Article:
Indeed, even while engaged in a fight, Golovkin never appears to be loading up on a punch. Thus, the punches that can end a bout seem almost effortless. Watching him perform from a ringside seat provides for a much better opportunity to gauge his power. When I saw him hitting tough Gregorz Proksa (who was 28-1, with 21 knockouts), he was raising welts with his body attack. He scored knockdowns in rounds 1, 4, and 5. Proksa was brave indeed, and was absorbing brutal punishment before the fight was stopped in round five. I remember very well how the crowd gave out collective groans as Golovkin was landing vicious punches in rounds four and five.
The crowds attending boxing cards do not, as a general rule, strike me as a compassionate lot. Too often, those who purchase tickets believe that they are entitled to bloodshed. However, when the referee ended the assault on a bloodied, dazed Proksa, everyone had seen enough. And those who truly understand the sport knew that they had just watched a special talent.
Golovkin is heavily favored to win tomorrow night’s fight. And most likely, he will not only win, but accomplish that victory by way of knockout. Here’s why I think that:
First, throughout his career, Rubio has been a slow-starter. He rarely enters the ring fully warmed-up. There is always a risk of being “caught cold” when you haven’t properly warmed-up. Rubio’s first two loses (against opponents who’s combined records were 35-1) came within two rounds. And, in other bouts, he has been hurt -- though he stayed on his feet -- in the first round. Clearly, Golovkin is the wrong guy to fight if not fully prepared. (The three minutes that constitute a round in boxing are far, far longer if you are the fellow being hurt inside that ring!)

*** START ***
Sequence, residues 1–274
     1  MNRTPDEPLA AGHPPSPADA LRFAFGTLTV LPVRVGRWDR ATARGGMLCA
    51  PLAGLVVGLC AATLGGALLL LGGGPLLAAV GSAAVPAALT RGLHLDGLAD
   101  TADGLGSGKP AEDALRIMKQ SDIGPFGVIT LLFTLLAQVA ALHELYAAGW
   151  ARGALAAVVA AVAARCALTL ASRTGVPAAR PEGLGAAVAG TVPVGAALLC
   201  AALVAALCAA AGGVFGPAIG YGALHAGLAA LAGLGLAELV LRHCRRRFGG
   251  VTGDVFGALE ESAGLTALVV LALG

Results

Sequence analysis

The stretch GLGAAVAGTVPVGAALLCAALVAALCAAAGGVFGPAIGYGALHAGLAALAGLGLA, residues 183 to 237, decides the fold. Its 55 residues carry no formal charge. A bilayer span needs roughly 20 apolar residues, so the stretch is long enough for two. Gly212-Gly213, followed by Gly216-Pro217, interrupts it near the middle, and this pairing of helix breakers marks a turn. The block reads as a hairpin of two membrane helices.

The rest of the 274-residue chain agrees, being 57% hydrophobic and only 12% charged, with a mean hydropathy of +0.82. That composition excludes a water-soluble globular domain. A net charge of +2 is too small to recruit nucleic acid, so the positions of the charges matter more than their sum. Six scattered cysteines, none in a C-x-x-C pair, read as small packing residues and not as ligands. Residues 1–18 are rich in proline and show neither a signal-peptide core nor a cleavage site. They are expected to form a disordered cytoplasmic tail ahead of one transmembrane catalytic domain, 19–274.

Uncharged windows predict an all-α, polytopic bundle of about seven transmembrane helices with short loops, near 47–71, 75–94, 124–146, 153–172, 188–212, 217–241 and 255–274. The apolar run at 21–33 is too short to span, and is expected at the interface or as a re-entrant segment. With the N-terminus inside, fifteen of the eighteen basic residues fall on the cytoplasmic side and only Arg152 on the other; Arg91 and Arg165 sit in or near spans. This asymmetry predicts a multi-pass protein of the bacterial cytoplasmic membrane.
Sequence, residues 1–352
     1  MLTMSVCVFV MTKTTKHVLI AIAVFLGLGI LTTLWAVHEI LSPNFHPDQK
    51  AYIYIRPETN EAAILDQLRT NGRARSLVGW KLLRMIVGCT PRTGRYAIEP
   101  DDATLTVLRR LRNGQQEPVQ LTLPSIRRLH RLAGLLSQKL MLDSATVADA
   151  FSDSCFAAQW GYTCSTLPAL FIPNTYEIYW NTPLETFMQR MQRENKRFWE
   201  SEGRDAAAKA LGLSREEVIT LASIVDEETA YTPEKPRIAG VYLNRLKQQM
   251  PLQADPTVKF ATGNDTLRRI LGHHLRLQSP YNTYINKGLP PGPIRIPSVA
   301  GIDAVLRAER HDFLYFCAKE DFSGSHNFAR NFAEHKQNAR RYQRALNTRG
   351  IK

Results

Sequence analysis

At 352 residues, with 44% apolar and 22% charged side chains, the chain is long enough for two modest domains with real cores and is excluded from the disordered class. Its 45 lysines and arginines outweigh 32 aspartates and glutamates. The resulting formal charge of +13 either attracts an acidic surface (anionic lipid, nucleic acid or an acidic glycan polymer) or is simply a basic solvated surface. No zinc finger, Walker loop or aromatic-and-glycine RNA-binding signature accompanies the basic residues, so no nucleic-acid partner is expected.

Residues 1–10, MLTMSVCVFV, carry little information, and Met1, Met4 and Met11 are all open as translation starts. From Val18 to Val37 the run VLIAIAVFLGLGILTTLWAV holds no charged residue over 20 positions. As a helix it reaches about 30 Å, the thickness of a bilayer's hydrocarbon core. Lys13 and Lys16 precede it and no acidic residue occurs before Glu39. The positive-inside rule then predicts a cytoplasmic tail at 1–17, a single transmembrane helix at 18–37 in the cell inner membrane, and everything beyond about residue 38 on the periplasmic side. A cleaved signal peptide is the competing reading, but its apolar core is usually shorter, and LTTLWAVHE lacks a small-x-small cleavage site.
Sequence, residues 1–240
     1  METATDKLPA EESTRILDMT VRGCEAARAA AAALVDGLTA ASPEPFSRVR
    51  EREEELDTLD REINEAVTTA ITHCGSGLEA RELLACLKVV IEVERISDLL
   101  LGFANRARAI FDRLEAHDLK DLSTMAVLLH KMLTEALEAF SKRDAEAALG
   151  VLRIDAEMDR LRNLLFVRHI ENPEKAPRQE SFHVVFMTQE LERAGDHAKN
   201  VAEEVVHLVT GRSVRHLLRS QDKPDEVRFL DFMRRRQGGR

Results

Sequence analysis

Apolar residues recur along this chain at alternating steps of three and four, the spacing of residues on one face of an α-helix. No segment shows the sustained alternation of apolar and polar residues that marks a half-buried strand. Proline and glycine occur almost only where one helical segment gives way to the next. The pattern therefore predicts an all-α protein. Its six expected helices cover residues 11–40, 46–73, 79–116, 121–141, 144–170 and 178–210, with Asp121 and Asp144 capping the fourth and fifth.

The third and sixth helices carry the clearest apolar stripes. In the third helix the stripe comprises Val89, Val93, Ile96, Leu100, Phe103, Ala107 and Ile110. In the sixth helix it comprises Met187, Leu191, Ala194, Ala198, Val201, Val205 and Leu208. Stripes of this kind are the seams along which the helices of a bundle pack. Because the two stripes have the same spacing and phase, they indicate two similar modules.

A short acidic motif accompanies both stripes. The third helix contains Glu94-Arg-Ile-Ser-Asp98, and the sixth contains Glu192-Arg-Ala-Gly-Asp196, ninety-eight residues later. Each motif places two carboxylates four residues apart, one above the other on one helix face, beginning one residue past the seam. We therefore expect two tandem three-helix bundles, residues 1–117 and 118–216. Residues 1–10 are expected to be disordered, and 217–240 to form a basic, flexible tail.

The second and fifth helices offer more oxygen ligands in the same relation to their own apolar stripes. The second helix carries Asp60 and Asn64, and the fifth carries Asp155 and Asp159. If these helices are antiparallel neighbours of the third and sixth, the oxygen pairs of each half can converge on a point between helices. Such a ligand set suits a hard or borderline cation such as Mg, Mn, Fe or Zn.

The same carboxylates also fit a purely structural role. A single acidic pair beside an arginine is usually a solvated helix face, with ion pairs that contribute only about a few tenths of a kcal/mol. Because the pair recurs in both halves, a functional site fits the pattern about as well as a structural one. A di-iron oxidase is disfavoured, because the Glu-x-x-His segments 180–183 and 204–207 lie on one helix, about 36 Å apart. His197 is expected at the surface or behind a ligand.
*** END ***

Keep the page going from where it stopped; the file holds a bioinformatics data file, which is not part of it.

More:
Assuming Rubio goes a few rounds, viewers will notice that Gennady Golovkin is a very patient fighter. He has a very high level of “ring intelligence.” Thus, he pursues an opponent like a predator, aware of their every move, seeking to force them into making a mistake. The pressure he puts on forces an opponent to try to keep him at a safe distance, although there is no safety zone inside that ring. Perhaps most impressively, Golovkin has the ability to punch “between” his opponent’s punches with great accuracy. This includes the ability to place his punches (which is distinct from, for example, James Kirkland, the other guy about the same size with extreme power).
I think that it is most likely to end with Golovkin’s superior hand-speed, allowing him to counter Rubio during an exchange somewhere between 4 and 6 rounds. At this point, I’d favor Golovkin over any middleweight. The only two fighters that I think could beat him in 2015 would be Andre Ward at super middleweight, and Floyd Mayweather, Jr., at a “catch weight” between junior middleweight and middleweight. However, in a year’s time, he will be reaching his peak, and potential fights with those two would need to be re-evaluated.